If the film has one real shortcoming, it is the uninspired music of Leonard Salzedo. I longed for James Bernard's classic touch to enhance the movie and to bind all the different themes together. For such a seeming run-of-the-mill genre movie, The Revenge of Frankenstein has numerous complex thoughts and ideas running through it, and a more reflective score would have helped drive those concepts home. The scoring is not terrible on its own, but it is certainly lacking in vigor and originality.
For its DVD release, Columbia has chosen to present the film in its American Eastmancolor version rather than the IB Technicolor most commonly found in England. Having seen screen captures of both, it's a real disappointment to see the American print used. With the Technicolor, colors have substantially more vibrancy, seeming to pop right off of the screen. Viewing the Eastmancolor, the movie takes on an entirely different tone. The film ends up being more subdued, a little more hushed than it should be. I hate to harp on this but it's difficult to imagine Anchor Bay not taking the time to secure the superior print, leaving another part of this release with a bittersweet feeling of what might have been.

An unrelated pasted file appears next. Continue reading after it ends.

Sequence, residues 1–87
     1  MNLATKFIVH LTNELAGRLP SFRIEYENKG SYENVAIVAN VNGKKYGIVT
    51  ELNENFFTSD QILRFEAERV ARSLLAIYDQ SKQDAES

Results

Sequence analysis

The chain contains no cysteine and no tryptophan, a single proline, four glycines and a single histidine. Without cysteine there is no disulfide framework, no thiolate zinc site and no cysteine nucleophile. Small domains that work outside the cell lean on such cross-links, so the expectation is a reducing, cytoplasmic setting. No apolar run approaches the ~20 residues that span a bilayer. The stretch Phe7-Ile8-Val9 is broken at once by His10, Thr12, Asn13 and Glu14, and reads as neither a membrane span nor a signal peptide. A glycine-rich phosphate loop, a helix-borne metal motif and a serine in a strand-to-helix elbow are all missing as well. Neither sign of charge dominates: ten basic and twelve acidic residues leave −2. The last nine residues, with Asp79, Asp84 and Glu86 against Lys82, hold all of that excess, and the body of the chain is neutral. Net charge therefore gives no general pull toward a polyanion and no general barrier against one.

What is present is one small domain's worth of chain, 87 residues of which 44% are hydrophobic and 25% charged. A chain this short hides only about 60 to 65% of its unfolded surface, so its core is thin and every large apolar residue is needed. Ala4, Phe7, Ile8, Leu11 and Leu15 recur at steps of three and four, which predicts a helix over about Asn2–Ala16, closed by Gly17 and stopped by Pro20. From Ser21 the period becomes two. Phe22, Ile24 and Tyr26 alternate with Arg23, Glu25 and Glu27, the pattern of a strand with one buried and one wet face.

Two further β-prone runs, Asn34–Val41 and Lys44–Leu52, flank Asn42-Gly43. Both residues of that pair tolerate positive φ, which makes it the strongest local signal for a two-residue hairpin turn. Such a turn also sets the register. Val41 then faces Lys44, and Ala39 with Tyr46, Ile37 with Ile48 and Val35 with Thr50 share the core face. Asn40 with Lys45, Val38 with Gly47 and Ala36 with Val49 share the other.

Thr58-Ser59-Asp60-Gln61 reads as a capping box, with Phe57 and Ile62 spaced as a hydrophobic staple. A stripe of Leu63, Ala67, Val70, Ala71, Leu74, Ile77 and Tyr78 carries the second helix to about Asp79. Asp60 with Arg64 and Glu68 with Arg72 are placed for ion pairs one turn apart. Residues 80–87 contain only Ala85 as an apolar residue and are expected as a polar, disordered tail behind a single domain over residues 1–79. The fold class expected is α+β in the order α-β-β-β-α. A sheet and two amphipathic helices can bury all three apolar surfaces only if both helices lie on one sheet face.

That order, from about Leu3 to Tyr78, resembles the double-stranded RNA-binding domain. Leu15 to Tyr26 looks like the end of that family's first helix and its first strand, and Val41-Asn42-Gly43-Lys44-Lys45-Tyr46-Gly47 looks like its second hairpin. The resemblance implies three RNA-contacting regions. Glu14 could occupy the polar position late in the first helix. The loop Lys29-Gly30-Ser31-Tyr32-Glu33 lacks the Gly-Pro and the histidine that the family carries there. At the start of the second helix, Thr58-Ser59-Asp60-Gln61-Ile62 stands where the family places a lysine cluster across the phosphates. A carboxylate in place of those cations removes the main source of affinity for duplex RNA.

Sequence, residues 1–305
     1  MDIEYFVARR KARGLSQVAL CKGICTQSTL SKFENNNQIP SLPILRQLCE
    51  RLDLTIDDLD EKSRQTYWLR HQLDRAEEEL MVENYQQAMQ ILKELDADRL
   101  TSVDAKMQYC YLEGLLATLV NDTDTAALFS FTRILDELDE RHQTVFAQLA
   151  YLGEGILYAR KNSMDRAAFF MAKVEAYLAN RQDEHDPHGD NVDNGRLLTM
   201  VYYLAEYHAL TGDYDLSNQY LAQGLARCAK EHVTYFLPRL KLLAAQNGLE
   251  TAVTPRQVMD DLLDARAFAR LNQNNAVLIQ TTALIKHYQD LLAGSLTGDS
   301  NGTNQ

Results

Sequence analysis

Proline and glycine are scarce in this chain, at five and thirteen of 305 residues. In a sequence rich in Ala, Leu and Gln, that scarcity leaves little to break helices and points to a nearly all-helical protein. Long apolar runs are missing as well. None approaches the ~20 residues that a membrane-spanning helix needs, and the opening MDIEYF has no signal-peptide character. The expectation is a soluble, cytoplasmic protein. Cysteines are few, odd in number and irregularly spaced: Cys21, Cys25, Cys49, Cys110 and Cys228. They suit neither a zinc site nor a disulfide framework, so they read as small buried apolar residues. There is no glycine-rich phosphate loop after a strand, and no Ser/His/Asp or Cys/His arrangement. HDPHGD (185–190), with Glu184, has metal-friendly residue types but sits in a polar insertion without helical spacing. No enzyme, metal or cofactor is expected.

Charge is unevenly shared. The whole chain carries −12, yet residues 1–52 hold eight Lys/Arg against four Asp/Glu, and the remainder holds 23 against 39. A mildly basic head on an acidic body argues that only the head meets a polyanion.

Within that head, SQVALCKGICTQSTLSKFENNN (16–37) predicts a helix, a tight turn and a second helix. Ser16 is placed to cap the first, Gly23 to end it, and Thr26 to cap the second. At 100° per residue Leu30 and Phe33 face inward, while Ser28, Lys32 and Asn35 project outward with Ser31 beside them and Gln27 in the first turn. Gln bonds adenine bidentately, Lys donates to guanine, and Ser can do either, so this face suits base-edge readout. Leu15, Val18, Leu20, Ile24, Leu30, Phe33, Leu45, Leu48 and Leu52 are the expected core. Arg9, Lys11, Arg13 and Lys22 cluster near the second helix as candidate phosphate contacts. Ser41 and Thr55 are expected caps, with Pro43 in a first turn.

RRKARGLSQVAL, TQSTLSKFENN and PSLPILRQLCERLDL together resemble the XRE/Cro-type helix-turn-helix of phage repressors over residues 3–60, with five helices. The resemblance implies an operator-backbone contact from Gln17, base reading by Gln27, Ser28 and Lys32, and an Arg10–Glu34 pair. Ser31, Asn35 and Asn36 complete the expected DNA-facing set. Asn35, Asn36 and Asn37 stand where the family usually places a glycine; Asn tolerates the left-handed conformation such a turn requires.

Looking at this specific release, we find the original aspect ratio of 1.66:1 given anamorphic enhancement. For a film over 40 years old, I suppose it comes off as well as can be expected. The print has the expected wear and tear, but the colors that do come through appear natural and lifelike while the crucial black levels remain solid throughout.
Sound is a sturdy 2.0 mono, and background distortions such as hissing and popping have been cleaned up. As to be expected from a vintage soundtrack, there isn't much in the way of warmth, and the more energetic sections of Salzedo's score come off more than a little shrill at times. Still, dialogue is well recorded and easily heard and as noted above, there is a lot more music found in the words as opposed to the score.
Extras? How about a still gallery and some trailers? Want more features for a Hammer Studio release? Go get an Anchor Bay Hammer Collection disc, because you are not going to find much here.